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Eloi Schultz

Published 05 / 05 / 2021

Architect and cabinetmaker, Eloi shapes the material in his workshop in Ivry-sur-Seine. Inspired by shapes from elsewhere, he designs unique creations, halfway between everyday furniture and sculptural pieces. Inspiring encounter.

Hello Eloi, tell us about your background.

I went to an architecture school, started in Strasbourg and finished in Paris La Villette. I then enrolled in the cabinetmaking CAP of the Paris Furniture School, without really knowing where I was going. It is a fairly complete training over two years alternately, with courses at school and practice in the workshop.

What were your motivations in this specialization? 

I believe that I have always been quite manual, in a broad sense: playing an instrument, cooking, repairing objects ... I learned a lot in architecture school, a whole theoretical culture of course, but also to build my own. thought. I had already worked with different materials in the past but it was definitely wood that attracted me, its appearance, its touch, its smell, it is a very sensual material. During my studies in architecture, apart from making the models which I made with a little too much care, I did not use my hands. On the other hand, I was already drawing a lot of objects, it is a scale of creation where I feel comfortable. When you are a craftsman and think of an object, you can already imagine how you will make it. So we design parts to also like to make them.

What place does drawing take in your creative process? 

It's quite simple: I never leave my notebook. I use it to write everything down, I fill it with measurements, technical drawings, sketches and simple little shapes that touch me. When a shape comes back often, it's time to turn it into an object. The pieces I create try to translate this initial image as simply, honestly and harmoniously.  

How do you select the essences you work with? 

I work with local, European species. Among them I have a real preference for fruit trees such as apple, pear, cherry, or even walnut or chestnut. These are woods that are soft and homogeneous enough to be easily sculpted and worked with traditional tools (planer, chisel, gouge). Their antlers smell good, offer a wide variety of designs and colors, and in addition they provide us with fruit that can be enjoyed as long as the tree is standing. It makes you think.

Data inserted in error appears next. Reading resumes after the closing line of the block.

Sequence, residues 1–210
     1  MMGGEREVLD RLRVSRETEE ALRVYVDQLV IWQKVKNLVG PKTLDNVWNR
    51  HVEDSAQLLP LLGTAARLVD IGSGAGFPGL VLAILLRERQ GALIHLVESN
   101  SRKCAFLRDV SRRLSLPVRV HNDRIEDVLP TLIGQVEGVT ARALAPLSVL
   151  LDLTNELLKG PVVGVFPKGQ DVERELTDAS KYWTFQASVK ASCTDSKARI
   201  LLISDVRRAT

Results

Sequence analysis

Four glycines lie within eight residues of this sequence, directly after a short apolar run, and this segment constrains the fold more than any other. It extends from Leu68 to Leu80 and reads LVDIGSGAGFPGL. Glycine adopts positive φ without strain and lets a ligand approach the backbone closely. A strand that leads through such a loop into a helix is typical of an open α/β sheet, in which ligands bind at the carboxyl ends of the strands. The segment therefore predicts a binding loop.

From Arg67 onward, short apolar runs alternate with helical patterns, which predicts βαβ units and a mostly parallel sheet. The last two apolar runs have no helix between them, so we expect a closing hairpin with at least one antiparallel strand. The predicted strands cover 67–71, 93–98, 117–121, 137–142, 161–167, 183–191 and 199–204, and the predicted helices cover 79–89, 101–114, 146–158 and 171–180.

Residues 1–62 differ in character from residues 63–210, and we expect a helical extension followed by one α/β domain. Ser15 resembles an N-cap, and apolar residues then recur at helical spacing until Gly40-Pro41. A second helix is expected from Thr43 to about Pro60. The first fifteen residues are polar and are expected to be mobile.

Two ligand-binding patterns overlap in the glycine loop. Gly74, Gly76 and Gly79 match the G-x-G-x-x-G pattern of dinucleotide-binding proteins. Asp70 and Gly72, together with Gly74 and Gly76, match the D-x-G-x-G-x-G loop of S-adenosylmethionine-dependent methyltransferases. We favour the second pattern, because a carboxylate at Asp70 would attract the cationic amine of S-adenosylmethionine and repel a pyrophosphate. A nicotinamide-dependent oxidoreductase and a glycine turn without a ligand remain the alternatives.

Your work is very unique, on the border between craftsmanship and design. What are your inspirations? 

I don't really have a conscious inspiration. I really like the simple and strong forms of Cycladic art, ancient African objects - ritual or customary - the vernacular ornamentation found in Romania, very geometric and which would have inspired Brancusi… Traditional craftsmanship, all of them cultures combined is a great source of inspiration. In my opinion, if objects are made by hand, they contain the intelligence and sensitivity of their creators. And in writing these words I spontaneously think of the work of Alexandre Noll, here is an inspiration! 

How do you see craftsmanship evolving in general? 

Currently I have the impression that craftsmanship survives by occupying the space left to it by industrial production, namely the creation of tailor-made works, which it is the only one able to achieve. But I also see at the same time that people care about giving more meaning to the things around them. This involves food, the abandonment of certain professions, the search for a more conscious way of consuming… All of this is backed up, I think, by the realization that a global change is necessary to preserve a viable planet. Maybe in the future, everyone would benefit from being a little less consumer and a little more artisan.

What are your plans for the future? 

I would like to come back to architecture a bit, through larger-scale projects such as the development of restaurants or homes. This is what I am starting to develop through Assemblage, the company that I co-founded in early 2020 with a friend. This ties in with the idea I expressed above: drawing parts knowing how we are going to make them, that changes everything. At the same time, I also want to continue to develop a more personal practice, by designing more sculptural objects, perhaps less usual. I am looking for a workshop in Marseille, a small place that I want to equip with as few machines as possible to encourage me to work even more by hand. These are my plans.